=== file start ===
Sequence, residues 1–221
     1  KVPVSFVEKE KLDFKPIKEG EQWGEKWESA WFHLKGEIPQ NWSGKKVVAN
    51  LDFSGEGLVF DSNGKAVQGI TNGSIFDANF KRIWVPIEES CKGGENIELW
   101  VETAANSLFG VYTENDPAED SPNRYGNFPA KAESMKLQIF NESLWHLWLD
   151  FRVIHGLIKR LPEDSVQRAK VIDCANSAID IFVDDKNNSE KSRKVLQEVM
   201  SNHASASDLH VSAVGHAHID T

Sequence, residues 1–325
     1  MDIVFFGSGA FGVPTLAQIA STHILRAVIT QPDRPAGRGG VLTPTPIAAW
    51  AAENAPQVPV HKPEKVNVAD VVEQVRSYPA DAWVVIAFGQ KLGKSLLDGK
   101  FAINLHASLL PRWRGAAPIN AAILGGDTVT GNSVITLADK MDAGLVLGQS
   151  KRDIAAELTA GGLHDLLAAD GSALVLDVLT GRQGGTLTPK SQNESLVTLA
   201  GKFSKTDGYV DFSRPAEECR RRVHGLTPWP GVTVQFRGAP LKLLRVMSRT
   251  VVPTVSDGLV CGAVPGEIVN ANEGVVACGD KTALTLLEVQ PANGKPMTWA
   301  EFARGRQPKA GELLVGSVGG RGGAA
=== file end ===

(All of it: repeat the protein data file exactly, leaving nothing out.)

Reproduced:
Sequence, residues 1–221
     1  KVPVSFVEKE KLDFKPIKEG EQWGEKWESA WFHLKGEIPQ NWSGKKVVAN
    51  LDFSGEGLVF DSNGKAVQGI TNGSIFDANF KRIWVPIEES CKGGENIELW
   101  VETAANSLFG VYTENDPAED SPNRYGNFPA KAESMKLQIF NESLWHLWLD
   151  FRVIHGLIKR LPEDSVQRAK VIDCANSAID IFVDDKNNSE KSRKVLQEVM
   201  SNHASASDLH VSAVGHAHID T

Sequence, residues 1–325
     1  MDIVFFGSGA FGVPTLAQIA STHILRAVIT QPDRPAGRGG VLTPTPIAAW
    51  AAENAPQVPV HKPEKVNVAD VVEQVRSYPA DAWVVIAFGQ KLGKSLLDGK
   101  FAINLHASLL PRWRGAAPIN AAILGGDTVT GNSVITLADK MDAGLVLGQS
   151  KRDIAAELTA GGLHDLLAAD GSALVLDVLT GRQGGTLTPK SQNESLVTLA
   201  GKFSKTDGYV DFSRPAEECR RRVHGLTPWP GVTVQFRGAP LKLLRVMSRT
   251  VVPTVSDGLV CGAVPGEIVN ANEGVVACGD KTALTLLEVQ PANGKPMTWA
   301  EFARGRQPKA GELLVGSVGG RGGAA